He had to explain his workings, whether right or wrong. This was to give him the chance to relate information in a way he understood, based on his past problem-solving experiences. Doing this regularly strengthened his decision-making and sequencing skills.

Like muscles, the more I let him explain, the better he got at understanding what the challenging problems were about. His diagrams began to represent the subtle information in the problems more

accurately.

His confidence in solving challenging problems rose. In three weeks, he could explain to me how he used the subtle information in the challenging problems to solve them.

**4. Draw diagrams clearly to represent key information in challenging problems ****correctly**

He was drawing diagrams the size of an eraser for his challenging problems. The diagrams were so small he could hardly use them to refer and infer on.

‘6’ became a ‘5’. ‘5’ became an ‘8’. ‘2’ became the letter ‘z’. With the wrong information came the wrong answers.

I ‘ordered’ him to draw his diagrams as large as he could, taking half of the given space from his challenging problems. This was to help him see clearly the subtle information in his diagrams.

In less than two weeks, he was using the correct information for his workings instead of ‘his

information’.

**5. Work calculations backwards to check for accuracy**

When I looked at his workings, I noticed one thing. He was making calculation errors related to 6, 7, 8 and 9 times table in these questions.

These were taught in Primary 3. Why was he still making calculation errors in these manageable questions?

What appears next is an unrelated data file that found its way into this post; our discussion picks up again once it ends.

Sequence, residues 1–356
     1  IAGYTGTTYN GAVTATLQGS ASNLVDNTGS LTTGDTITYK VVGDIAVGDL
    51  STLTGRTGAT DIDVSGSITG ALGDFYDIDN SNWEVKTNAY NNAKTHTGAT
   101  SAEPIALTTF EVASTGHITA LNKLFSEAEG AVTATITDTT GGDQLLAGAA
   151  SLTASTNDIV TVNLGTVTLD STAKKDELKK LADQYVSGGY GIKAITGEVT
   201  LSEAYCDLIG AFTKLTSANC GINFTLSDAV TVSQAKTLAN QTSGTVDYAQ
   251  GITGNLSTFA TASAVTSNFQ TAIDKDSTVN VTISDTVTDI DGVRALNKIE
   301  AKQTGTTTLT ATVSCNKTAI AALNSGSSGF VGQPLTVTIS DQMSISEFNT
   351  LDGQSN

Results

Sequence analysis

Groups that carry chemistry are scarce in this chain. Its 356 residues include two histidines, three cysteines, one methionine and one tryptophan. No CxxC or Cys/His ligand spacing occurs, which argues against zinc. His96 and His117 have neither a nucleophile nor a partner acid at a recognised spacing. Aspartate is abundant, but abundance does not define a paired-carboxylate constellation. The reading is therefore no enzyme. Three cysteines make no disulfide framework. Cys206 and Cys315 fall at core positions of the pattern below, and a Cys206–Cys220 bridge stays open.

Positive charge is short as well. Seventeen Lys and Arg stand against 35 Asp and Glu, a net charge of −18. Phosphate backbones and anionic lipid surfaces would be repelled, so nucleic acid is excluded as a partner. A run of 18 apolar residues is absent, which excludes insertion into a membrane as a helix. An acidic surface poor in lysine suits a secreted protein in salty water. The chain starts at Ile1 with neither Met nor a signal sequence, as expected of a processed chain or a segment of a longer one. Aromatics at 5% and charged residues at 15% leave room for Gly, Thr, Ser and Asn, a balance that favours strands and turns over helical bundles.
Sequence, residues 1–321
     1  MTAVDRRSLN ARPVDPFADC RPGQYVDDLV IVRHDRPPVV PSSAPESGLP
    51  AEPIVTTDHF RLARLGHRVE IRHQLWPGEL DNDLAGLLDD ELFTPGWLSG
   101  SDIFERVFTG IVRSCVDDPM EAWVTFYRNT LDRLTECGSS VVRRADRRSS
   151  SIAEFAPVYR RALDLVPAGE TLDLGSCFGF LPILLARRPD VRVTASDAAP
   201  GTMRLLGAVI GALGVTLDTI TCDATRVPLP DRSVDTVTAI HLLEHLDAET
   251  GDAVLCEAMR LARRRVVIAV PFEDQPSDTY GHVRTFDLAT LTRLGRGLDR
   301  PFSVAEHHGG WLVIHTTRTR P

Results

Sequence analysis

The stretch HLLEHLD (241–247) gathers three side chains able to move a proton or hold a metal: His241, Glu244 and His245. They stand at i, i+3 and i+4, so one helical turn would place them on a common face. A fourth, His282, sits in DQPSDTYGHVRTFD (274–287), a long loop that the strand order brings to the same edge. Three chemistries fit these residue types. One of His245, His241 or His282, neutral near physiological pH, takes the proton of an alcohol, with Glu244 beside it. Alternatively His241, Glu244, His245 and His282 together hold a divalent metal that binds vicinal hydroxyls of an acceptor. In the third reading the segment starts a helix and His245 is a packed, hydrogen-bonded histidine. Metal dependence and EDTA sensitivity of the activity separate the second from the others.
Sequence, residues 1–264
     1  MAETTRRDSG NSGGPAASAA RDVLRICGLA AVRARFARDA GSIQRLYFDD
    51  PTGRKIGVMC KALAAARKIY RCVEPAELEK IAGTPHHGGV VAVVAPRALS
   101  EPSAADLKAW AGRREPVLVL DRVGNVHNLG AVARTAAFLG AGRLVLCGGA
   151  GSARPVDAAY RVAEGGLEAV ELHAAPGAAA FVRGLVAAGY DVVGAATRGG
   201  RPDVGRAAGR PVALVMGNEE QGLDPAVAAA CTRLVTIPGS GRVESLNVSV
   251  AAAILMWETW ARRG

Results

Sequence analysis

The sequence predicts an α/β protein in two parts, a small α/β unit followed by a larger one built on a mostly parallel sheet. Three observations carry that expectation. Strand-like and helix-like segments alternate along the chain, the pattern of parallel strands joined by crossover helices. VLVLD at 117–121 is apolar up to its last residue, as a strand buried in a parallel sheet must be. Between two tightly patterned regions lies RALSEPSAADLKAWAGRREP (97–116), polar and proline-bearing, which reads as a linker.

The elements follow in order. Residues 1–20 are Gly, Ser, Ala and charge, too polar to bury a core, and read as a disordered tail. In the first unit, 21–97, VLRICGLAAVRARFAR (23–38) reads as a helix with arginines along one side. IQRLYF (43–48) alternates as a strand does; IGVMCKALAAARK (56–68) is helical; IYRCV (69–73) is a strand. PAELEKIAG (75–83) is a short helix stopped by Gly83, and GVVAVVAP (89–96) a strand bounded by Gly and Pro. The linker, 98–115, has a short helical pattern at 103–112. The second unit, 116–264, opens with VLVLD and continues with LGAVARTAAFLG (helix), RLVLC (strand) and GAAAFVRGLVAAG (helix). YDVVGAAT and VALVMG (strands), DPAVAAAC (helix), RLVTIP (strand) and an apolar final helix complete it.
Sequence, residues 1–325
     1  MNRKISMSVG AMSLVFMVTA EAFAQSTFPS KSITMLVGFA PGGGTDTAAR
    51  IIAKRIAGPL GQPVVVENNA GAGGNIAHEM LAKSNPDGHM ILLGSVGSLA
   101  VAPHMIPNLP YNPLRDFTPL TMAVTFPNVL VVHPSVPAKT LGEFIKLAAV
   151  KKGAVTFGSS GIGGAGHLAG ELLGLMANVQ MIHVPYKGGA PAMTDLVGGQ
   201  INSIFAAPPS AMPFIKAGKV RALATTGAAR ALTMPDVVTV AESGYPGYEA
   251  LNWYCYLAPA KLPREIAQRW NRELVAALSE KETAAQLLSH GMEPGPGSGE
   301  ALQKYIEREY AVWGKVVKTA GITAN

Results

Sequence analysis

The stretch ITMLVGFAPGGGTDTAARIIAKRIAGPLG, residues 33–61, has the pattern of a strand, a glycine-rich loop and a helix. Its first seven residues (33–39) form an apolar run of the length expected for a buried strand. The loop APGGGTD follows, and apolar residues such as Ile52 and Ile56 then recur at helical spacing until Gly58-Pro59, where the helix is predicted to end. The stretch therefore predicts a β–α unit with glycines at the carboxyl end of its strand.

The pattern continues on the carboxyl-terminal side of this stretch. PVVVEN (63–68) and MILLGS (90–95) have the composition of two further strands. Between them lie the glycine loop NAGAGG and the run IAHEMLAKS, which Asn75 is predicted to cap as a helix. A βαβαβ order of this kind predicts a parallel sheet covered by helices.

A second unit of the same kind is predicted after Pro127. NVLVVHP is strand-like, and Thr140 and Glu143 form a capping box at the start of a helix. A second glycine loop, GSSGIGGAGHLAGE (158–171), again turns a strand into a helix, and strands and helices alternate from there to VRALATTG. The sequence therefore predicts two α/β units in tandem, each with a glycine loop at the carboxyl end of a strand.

The worst part was, these errors were costing him 10 marks in his math exam.

There was one question where he calculated his working as shown below.

189 x 6 = 1128

I took a calculator to check his accuracy but didn’t tell him what the correct calculation was.

I told him to divide 1128 by 6 to see if he gets 189 in return. He divided the numbers and was surprised to see it got him a quotient of 188. He felt embarrassed.

I ‘ordered’ him to work his calculations backwards for every challenging problem he solved and write

them down in the space provided by the problems. This was to help him see clearly if his calculations

were accurate.

In one month, his times table errors were reduced from two in five word problems to one in ten word

problems.

In the following months leading to his year-end exams, the error rate dropped to one in every fifteen word problems.

He was very happy with his results! At the year-end exams, he got back his Maths exam papers.

He had scored 19.5 out of 20 marks for his five word problems. He lost 0.5 marks. He had forgotten to include the unit of measurement for one of his answers.

His calculation errors on the 6, 7, 8 and 9 times tables had disappeared! His total score was 92.5 out of 100 marks.

In 5 months, he had improved by 20 marks!

**Recap**

Let’s recap the 5 simple and effective ways to help your Primary 4 child jump from 70% to 90% or

more from the mid-year to the final year exams in 5 months!

- Assign 1 challenging word problem to be solved weekly by your child
- Encourage your child to make mistakes and learn from them
- Let your child explain his workings
- Let your child draw diagrams in the problems as big as the size of their palms
- Let your child work calculations backwards to check for accuracy

**This article was contributed by Mr Cai Shaoyang, who has taught for 10 years as a Ministry of Education Education Officer for primary schools in English, Math and Science. He has also presented a research paper on the teaching and learning of decimals at the International Congress for Mathematical Education (ICME) conference, which is equivalent to the math version of the Olympics, in 2012 in Seoul. Click h**ere to subscribe to his FREE newsletter for Maths tips.*